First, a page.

In 1978, the Buffalo Braves moved to San Diego and were rebranded as the Clippers. Things look promising when the Clippers acquired hometown hero Bill Walton for the 1980 seasons, two seasons after he had won the MVP Award. Walton looked sharp in impressive pre-season win over the Lakers only to find out he had another stress fracture in his foot. He would play only 14 games that season and miss the next two. The Clippers were dismal and sold to developer Donald Sterling who moved them to Los Angeles over league objections in 1984. Walton still blames himself for the failure of the Clippers in San Diego.
The Buffalo Sabres joined the NHL in 1970 along with the Vancouver Canucks. They have missed the playoffs only 14 times (although they have missed the last 5 seasons). The Sabres reached the conference finals six times, advancing to the Stanley Cup Finals twice. They lost to defending champion Philadelphia 4-2 in 1975 and to the Dallas Stars 4-2 in 1999. The Stars won Game 6 in triple overtime on a controversial goal by Brett Hull, with Buffalo fans contending that Hull’s goal should not be allowed.
From Wikipedia: On this play, Hull kicked the puck with his left skate (while still outside of the crease) into a shooting position. Others have pointed out that similar plays were called differently during the regular season. Many Buffalo fans felt that this call was incorrectly made and the term “No Goal!” became their rallying cry. Shortly after, the rule that led to this controversy was removed from the NHL rule book.
San Diego has only had minor league hockey teams.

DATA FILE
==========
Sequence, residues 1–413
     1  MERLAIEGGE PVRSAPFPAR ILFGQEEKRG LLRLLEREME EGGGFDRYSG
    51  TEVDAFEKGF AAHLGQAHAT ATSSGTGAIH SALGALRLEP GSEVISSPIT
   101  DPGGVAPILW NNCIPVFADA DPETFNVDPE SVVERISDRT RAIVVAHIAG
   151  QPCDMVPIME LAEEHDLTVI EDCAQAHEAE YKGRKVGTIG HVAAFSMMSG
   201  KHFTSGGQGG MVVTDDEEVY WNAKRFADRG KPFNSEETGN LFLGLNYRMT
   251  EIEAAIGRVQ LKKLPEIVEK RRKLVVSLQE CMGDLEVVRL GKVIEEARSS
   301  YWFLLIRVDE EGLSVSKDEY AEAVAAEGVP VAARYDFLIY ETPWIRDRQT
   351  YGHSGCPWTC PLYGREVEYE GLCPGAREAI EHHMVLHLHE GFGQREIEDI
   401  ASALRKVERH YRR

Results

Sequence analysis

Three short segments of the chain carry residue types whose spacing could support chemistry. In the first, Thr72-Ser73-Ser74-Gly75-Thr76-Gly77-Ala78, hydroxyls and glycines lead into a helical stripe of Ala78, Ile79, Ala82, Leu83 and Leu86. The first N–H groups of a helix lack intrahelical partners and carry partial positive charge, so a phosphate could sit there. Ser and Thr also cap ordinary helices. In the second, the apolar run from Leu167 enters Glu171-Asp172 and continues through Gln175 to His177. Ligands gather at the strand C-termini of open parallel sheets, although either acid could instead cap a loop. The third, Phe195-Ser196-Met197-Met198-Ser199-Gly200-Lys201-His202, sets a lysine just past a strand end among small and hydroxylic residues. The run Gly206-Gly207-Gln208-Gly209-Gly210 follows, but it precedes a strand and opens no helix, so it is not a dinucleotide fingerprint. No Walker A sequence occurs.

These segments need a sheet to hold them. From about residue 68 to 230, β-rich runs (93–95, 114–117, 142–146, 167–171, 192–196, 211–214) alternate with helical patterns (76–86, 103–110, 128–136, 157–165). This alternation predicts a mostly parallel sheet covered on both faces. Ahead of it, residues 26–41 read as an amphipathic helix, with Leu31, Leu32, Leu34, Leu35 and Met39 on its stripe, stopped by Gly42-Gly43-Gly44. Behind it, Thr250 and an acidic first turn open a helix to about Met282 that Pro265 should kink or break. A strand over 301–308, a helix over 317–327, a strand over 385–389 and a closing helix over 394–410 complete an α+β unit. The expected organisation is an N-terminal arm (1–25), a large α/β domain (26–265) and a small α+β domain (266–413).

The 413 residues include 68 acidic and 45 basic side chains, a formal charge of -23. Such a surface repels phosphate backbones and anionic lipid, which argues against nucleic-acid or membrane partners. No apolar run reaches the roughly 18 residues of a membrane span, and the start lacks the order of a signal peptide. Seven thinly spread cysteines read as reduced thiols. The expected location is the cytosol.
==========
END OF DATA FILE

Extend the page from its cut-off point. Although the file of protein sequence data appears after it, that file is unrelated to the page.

Buffalo has not had a major league soccer team, but the North American Soccer League had teams in nearby Rochester (74 miles away) and Toronto (99 miles). The Rochester Lancers were NASL runner-ups in 1968 and champs in 1970.
The Toronto Blizzard lost consecutive NASL Championships (1983-84), but Toronto Metro-Croatia won the 1976 Soccer Bowl.
San Diego had two NASL teams – the San Diego Toros which played only one season and the San Diego Sockers (who were initially known as San Diego Jaws). The Toros won the NASL title in its only season. The Sockers had a longer run from 1974 until the NASL folded in 1984. The Sockers, however, were not as lucky as the Toros, losing 4 conference finals and/or semifinals over a five year period from 1979-1984.
The Verdict: It’s Buffalo
Both cities have a clear history of sports futility, but Buffalo stands out in terms of heartbreak because of its prominent near misses. San Diegans have plenty of sports disappointments, but no “wide right” or “no goal” moments to lament.
Or is it?
The premise of this series was that with the Cavaliers giving Cleveland its first title since 1964, the city was no longer the heartbreak capital of sports. But is one win enough to take the sting of the Indians failure to win a World Series since 1948 that includes getting swept by the Yankees in 1954 after a 111-win season (still the 4th best of all-time) or losing to the Marlins 4-3 in 1997 after being only 4 strikes from winning?
Don’t forget the Cleveland Browns who have not won since 1964. Browns fans not only endured heartbreaking losses to Denver in 1986 and 1987, but had their team taken from them and replaced with the worst team in the NFL since 1999 by far (with only two playoff appearances).
But the Cavaliers’ one championship is still one more than Buffalo has had.